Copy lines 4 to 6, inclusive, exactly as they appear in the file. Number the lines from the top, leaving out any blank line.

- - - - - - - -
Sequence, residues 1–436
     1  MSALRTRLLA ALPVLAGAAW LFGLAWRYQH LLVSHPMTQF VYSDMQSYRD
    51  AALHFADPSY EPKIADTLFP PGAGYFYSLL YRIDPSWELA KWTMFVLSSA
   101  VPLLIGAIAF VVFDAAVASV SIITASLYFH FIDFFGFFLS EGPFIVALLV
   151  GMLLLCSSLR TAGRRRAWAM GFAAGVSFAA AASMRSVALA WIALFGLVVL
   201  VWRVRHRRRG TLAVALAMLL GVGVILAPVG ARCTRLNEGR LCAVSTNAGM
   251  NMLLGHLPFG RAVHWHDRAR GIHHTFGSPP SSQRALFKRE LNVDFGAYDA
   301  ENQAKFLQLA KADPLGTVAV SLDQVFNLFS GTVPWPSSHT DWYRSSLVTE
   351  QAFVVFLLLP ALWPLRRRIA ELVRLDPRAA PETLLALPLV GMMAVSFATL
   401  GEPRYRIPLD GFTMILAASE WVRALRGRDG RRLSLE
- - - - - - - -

   101  VPLLIGAIAF VVFDAAVASV SIITASLYFH FIDFFGFFLS EGPFIVALLV
   151  GMLLLCSSLR TAGRRRAWAM GFAAGVSFAA AASMRSVALA WIALFGLVVL
   201  VWRVRHRRRG TLAVALAMLL GVGVILAPVG ARCTRLNEGR LCAVSTNAGM